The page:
It’s estimated that only about 10 percent of K-12 schools teach computer science. Some companies are trying to fill a void in American public education by teaching kids computer programming basics. The push comes amid projections that there will be far more tech sector jobs than computer science graduates to fill them.
The Gates Foundation released a report today surveying teachers and students on the kinds of digital tools they’d like to see available in classrooms.
Recent studies of MOOC completion rates and participation indicate that students with some college experience already do better.
Every day, teachers are responsible for maintaining numerous logins, passwords, data, and other private information about their students. With so many tools, security and privacy are often an afterthought despite the increasing number of websites that fall victim to data breaches and security vulnerabilities each day. In the wake of the Heartbleed data security flaw discovered last week, here are measures teachers can take to secure school data.
Project Tomorrow’s 2013 Speak Up survey of more than 325,000 students and 75,000 parents, teachers and administrators digs into how students and teachers are using technology in school and for learning outside of school, and comes up with some interesting insights about the pervasiveness of tech use. A quarter of students in grades 3-5 and […]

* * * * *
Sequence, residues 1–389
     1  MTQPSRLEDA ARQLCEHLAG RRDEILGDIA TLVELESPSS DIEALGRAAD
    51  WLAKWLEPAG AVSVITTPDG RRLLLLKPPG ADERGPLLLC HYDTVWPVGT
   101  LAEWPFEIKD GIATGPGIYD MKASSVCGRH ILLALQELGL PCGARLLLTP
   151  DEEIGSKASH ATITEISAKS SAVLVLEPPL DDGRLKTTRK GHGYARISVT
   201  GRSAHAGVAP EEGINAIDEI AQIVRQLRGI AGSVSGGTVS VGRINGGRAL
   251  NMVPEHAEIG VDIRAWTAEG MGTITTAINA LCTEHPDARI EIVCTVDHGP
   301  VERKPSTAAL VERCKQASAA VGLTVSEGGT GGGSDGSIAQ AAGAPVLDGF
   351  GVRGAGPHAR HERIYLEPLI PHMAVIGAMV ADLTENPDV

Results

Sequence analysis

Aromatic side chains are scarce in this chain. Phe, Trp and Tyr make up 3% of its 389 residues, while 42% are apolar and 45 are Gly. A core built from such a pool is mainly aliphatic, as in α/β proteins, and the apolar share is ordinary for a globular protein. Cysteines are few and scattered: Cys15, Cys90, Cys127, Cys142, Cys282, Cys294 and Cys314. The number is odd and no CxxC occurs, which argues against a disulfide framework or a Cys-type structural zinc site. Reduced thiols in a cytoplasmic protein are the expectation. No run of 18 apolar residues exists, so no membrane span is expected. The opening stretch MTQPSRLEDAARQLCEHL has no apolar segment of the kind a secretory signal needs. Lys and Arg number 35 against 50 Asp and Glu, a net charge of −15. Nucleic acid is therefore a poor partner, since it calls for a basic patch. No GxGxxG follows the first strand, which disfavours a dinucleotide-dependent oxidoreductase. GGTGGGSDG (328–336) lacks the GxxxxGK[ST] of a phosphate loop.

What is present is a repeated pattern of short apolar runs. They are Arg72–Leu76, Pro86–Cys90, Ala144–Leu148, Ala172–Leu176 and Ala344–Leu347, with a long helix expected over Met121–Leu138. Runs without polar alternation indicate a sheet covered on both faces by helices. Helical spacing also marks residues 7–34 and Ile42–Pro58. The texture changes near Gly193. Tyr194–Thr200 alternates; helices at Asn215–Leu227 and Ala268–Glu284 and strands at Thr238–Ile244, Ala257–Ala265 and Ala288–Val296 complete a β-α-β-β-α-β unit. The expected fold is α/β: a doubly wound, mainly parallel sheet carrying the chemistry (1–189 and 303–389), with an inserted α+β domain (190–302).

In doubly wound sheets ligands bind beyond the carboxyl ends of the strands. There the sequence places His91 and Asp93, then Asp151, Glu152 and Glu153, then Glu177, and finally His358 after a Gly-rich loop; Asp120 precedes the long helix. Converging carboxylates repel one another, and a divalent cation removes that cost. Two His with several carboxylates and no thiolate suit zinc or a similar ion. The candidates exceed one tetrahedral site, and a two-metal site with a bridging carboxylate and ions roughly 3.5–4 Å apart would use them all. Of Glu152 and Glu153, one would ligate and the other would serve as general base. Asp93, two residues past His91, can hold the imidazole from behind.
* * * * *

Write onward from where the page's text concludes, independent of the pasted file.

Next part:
Those “5 Things You Need to Know About EdTech” posts seem to crop up on Twitter every couple weeks — Tech isn’t the Point of EdTech, EdTech is about Learning, EdTech is Exciting. But for those who’ve heard and read it all before, here’s a completely different take on that headline.
Web-based games can prove to be a treasure trove of learning opportunities, and there are a variety of content-areas, age ranges, and skill levels to choose from. The true pay dirt for browser-based learning games can be found on large online digital game hubs. Here are 10 game hubs players that teachers can use to as one tool in their arsenal.
“Game-based learning is not gamification!” exclaims Jordan Shapiro, author of FREEPLAY: A Video Game Guide to Maximum Euphoric Bliss. “We don’t need gamification if gamification is about competition and commodification of learning,” Shapiro says in this talk at the Global Education And Skills Forum in Dubai. But what it can do is introduce systems thinking in a way that allows kids to want to solve problems and master new systems, even if they don’t know the first thing about it — yet.
For educators who are interested in using games for learning — specifically towards developing skills as they relate to the Common Core State Standards — here are five games students can enjoy and that we’ve found sync with standards.